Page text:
by zunguzungu

Ahdaf Soueif, “The Egyptian regime has turned its thugs loose again…”:

I knew something was wrong when I woke up to the sound of car horns. It’s been so quiet and peaceful the last few days we’ve even started seeing the bats once again flitting in and out of the fruit trees at dusk. This wasn’t the normal noise of Cairo traffic; this was aggressive, patterned and constant, like what you get after a football match only lots more so. Out of my window I saw the crowd marching across 15 May flyover. It’s odd: the pro-Mubarak lot are so much more regimented – and so much less civil: the noise pollution, the rude gestures at the street, the sticks, the attitude – and at the same time the perfectly scripted banners, the “stewards” marshalling and directing them.

By midday they had started to attack Tahrir Square; the attacks are continuing as I write now. I’m getting regular updates from the square from my son, nieces, sister and other friends in the thick of it. The people who on Tuesday night were listening to music and debating modes of government are now putting their bodies on the line. It’s all they have. The pro-Mubarak lot, of course, have sticks and stones, and swords and chains and dogs and trucks and … the military stand by and do nothing.

So who are these people? In support of the president, they throw Molotov bottles and plant pots from the tops of buildings onto the heads of women and children. To establish stability and order, they break heads with rocks and legs with bicycle chains. To have their say in the debate they slash faces with knives. Who are they? Well, every time one of them is captured his ID says he’s a member of the security forces. And his young captors simply hand him to the military who are standing by.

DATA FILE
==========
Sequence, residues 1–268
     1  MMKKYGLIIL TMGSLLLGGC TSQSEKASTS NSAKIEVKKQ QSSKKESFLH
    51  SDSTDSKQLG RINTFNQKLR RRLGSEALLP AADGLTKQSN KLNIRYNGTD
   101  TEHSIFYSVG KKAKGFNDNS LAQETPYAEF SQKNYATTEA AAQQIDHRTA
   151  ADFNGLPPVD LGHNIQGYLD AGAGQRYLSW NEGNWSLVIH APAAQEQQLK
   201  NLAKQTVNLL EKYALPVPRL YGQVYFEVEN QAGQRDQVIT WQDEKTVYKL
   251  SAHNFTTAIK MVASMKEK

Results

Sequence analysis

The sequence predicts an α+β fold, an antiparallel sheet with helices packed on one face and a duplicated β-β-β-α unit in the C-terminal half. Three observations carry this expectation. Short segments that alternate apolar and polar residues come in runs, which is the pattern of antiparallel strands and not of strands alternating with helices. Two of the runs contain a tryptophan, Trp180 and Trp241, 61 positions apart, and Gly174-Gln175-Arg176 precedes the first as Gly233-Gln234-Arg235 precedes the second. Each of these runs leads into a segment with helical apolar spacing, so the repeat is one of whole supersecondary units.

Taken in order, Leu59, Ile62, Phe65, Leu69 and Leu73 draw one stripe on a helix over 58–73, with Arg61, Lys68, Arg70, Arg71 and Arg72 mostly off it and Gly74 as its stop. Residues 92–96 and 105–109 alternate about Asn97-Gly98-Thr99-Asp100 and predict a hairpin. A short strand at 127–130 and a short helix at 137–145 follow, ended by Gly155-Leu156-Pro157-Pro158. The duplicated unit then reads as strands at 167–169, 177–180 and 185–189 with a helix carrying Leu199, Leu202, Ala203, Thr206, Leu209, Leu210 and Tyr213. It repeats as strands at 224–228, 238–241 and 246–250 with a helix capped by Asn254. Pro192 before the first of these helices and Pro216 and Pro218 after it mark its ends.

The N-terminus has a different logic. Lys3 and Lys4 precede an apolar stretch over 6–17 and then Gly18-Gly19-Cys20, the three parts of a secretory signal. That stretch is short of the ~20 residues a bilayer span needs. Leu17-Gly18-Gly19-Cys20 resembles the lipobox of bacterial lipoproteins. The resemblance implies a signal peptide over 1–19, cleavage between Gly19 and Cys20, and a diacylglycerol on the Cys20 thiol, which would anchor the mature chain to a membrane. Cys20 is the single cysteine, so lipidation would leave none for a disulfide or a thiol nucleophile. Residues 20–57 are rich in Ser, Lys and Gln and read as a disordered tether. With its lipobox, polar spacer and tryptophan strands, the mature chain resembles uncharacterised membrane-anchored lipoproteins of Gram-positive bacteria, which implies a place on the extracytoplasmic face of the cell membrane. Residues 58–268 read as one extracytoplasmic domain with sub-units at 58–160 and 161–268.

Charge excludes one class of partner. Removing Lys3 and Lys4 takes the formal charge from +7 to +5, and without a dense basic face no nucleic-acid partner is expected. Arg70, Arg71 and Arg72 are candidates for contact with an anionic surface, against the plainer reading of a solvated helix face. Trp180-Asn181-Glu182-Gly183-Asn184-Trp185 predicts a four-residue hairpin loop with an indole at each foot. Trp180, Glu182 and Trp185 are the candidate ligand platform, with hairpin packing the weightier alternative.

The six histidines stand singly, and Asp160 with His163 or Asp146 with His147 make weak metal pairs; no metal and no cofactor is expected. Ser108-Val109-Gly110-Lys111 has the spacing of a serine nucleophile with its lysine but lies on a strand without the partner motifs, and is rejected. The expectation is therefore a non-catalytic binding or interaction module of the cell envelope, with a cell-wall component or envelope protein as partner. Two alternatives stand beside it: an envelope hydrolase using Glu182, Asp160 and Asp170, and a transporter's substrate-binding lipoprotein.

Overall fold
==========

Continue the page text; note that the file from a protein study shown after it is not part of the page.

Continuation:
The people here are so way ahead of their government. If you could see the kids on the street telling you that the regime wants to pin the responsibility for this movement on the Islamists in order to scare the west – when actually it was started by 11 Facebook youth groups only one of which has any religious colouring, and very mild at that. If you could see the small field hospital that’s gone up with volunteer doctors – mostly young women – treating the people, and the medicines pouring in from well-wishers. If you could see the young men with their dropped jeans and the tops of their boxers showing forming a human chain to protect what the people have gained over the last week in Tahrir Square. If you could see my nieces with their hair streaming like a triumphant banner tweeting for dear life in the midst of it all … you would know beyond a shadow of a doubt: Egypt deserves its place in the sun – out of the shadow of this brutal regime.

Graeme Wood in Cairo:

The Egyptian protest started getting violent early this afternoon, a few minutes after a cheerful girl, about 14 years old, handed me a caramel. Since I arrived yesterday afternoon, and up until the caramel reached my hand, Tahrir Square was a calm place lacking any menace whatsoever. Children were having their faces painted. Men and women were happily sweeping up trash, helping each other pitch tents, and waiting patiently for their turn at the water tap. It reminded me of Burning Man, except that in the place of stations for full-body nude massages or refills of psychedelics, it had little protest areas where one could find Muslim Brothers, students, and every other flavor of disaffected Egyptian.